Google Translate Disclaimer

A number of pages on the Government of Saskatchewan's website have been professionally translated in French. These translations are identified by a yellow box in the right or left rail that resembles the link below. The home page for French-language content on this site can be found at:

Renseignements en Français

Where an official translation is not available, Google™ Translate can be used. Google™ Translate is a free online language translation service that can translate text and web pages into different languages. Translations are made available to increase access to Government of Saskatchewan content for populations whose first language is not English.

Software-based translations do not approach the fluency of a native speaker or possess the skill of a professional translator. The translation should not be considered exact, and may include incorrect or offensive language. The Government of Saskatchewan does not warrant the accuracy, reliability or timeliness of any information translated by this system. Some files or items cannot be translated, including graphs, photos and other file formats such as portable document formats (PDFs).

Any person or entities that rely on information obtained from the system does so at his or her own risk. Government of Saskatchewan is not responsible for any damage or issues that may possibly result from using translated website content. If you have any questions about Google™ Translate, please visit: Google™ Translate FAQs.

What is an Overdose?

An overdose happens when your body is overwhelmed by a toxic amount of a drug or combination of drugs. Drugs act on the body in different ways, so an overdose can appear different when different drugs are involved.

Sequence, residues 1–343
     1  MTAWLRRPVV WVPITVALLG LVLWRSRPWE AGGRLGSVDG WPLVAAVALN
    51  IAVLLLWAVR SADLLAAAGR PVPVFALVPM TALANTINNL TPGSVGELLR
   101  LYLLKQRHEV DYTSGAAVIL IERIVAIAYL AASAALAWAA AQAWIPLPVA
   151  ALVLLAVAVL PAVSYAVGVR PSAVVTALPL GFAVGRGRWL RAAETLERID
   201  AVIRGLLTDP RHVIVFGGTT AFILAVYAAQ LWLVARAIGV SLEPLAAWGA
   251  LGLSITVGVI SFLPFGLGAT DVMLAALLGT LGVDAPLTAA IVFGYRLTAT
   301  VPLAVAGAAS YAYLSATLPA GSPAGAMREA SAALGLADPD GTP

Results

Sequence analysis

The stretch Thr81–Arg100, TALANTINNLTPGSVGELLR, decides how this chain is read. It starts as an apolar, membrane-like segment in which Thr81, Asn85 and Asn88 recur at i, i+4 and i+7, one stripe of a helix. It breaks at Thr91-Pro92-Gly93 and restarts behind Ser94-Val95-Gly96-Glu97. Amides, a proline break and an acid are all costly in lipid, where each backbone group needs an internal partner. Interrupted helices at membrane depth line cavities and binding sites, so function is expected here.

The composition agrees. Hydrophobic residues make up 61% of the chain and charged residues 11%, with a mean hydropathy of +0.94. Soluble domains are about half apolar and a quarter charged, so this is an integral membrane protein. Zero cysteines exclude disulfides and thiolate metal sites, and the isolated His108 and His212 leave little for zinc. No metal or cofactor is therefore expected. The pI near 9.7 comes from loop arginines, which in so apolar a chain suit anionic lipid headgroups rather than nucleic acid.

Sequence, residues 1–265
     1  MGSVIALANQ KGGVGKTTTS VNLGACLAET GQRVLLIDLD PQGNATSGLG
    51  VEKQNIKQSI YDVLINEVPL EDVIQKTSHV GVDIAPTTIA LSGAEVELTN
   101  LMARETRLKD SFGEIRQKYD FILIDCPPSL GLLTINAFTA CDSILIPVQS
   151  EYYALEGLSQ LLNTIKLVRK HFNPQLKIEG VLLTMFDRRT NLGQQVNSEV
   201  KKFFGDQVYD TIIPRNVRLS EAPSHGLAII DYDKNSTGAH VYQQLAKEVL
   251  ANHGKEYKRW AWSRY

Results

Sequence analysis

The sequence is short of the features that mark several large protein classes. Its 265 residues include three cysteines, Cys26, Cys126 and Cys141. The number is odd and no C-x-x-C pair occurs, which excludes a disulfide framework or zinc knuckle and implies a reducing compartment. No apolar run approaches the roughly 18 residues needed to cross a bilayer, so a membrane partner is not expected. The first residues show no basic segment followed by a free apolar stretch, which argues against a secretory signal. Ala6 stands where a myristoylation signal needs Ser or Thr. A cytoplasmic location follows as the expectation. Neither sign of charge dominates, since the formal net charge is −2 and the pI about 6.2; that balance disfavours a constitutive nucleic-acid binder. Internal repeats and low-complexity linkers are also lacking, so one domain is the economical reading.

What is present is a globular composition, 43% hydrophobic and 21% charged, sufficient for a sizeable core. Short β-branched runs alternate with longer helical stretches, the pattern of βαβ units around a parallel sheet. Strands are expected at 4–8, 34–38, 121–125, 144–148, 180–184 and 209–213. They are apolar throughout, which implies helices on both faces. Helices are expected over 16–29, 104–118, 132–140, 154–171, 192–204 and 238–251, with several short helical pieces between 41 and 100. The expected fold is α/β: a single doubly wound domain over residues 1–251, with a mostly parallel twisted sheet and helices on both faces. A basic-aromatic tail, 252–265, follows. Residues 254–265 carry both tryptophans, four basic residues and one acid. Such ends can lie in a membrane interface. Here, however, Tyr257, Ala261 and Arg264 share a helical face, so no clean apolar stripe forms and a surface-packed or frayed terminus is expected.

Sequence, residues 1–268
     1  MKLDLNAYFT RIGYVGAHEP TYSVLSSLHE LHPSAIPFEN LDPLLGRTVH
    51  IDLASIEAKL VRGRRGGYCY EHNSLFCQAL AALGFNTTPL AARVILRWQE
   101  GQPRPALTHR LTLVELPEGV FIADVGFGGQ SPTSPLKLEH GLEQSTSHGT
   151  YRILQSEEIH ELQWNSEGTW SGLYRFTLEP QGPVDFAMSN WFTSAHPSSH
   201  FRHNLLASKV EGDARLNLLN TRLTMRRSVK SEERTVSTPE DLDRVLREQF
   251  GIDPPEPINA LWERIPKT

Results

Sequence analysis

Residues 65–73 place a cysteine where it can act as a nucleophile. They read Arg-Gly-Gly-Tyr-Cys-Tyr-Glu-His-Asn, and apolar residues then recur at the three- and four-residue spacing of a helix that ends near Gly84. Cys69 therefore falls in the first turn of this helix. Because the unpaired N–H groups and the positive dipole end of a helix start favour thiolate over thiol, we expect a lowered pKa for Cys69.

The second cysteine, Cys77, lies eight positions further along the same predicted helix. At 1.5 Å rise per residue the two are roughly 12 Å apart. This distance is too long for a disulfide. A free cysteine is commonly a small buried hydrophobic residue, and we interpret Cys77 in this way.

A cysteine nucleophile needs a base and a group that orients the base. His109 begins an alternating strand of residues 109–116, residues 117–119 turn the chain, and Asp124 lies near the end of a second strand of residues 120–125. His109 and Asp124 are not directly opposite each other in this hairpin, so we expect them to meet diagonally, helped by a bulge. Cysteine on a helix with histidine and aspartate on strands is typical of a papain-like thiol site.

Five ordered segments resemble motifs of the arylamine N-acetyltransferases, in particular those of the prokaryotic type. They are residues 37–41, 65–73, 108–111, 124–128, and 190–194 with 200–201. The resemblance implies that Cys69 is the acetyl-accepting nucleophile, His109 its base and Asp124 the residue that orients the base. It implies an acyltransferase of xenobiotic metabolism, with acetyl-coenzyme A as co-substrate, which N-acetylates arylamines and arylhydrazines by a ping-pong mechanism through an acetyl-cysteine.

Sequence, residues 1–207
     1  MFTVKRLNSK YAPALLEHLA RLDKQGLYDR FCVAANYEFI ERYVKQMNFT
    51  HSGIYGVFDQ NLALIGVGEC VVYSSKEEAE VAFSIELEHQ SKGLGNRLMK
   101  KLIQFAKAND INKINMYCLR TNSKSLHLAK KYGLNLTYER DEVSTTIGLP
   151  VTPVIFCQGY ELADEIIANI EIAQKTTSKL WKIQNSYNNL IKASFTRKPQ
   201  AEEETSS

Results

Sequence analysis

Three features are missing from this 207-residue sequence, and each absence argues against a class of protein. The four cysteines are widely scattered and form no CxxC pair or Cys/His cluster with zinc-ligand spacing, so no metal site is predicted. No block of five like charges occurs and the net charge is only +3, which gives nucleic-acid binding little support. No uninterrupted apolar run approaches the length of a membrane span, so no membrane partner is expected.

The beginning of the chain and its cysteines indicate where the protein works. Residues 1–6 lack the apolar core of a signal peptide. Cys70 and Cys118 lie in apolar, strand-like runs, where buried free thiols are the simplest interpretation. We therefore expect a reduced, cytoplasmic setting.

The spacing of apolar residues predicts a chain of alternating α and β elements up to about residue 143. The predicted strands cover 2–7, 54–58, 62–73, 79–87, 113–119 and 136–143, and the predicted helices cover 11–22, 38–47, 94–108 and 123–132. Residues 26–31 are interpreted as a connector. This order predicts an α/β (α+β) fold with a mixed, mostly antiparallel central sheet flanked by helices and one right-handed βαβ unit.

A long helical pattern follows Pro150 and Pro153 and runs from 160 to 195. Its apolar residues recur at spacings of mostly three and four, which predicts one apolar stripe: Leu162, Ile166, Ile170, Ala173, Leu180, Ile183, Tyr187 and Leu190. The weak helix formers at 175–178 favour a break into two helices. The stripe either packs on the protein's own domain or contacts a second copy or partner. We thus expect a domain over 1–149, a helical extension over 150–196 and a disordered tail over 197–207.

1. Opioid Overdose

Opioids affect the part of the brain that controls breathing, so when too much of an opioid is taken, breathing slows or stops. The signs of an opioid overdose include:

  • Person can't stay awake, walk or talk
  • Slow or absent pulse
  • Slow or absent breathing
  • Fewer than 10-12 breaths per minute (a breath every 5 seconds is normal)
  • Pupils are pinpoint or eyes rolled back
  • Choking, gurgling or snoring sounds
  • Blue or grey lips and nails
  • Cold or clammy skin
  • Vomiting
  • Body is limp
  • No response to noise or knuckles being rubbed hard on breast bone
  • Unresponsive

Call 911 if the signs of an opioid overdose are present. Administer naloxone if it's available. An opioid overdose can be mistaken for sleeping – make sure they are breathing well.

Learn more about how to respond to an opioid overdose.

Learn more about opioid drugs.


2. Stimulant Overdose

Stimulants – like crystal methamphetamine, cocaine, amphetamines, Ritalin, MDMA (ecstasy) and caffeine – speed the body up. The signs of a stimulant overdose include:

  • Rigid, jerking limbs
  • Seizures
  • Fast pulse
  • Chest pain
  • In and out of consciousness
  • Skin feels hot, excessive sweating
  • Severe headaches
  • Anxiety, paranoia, confusion, agitation or hallucinations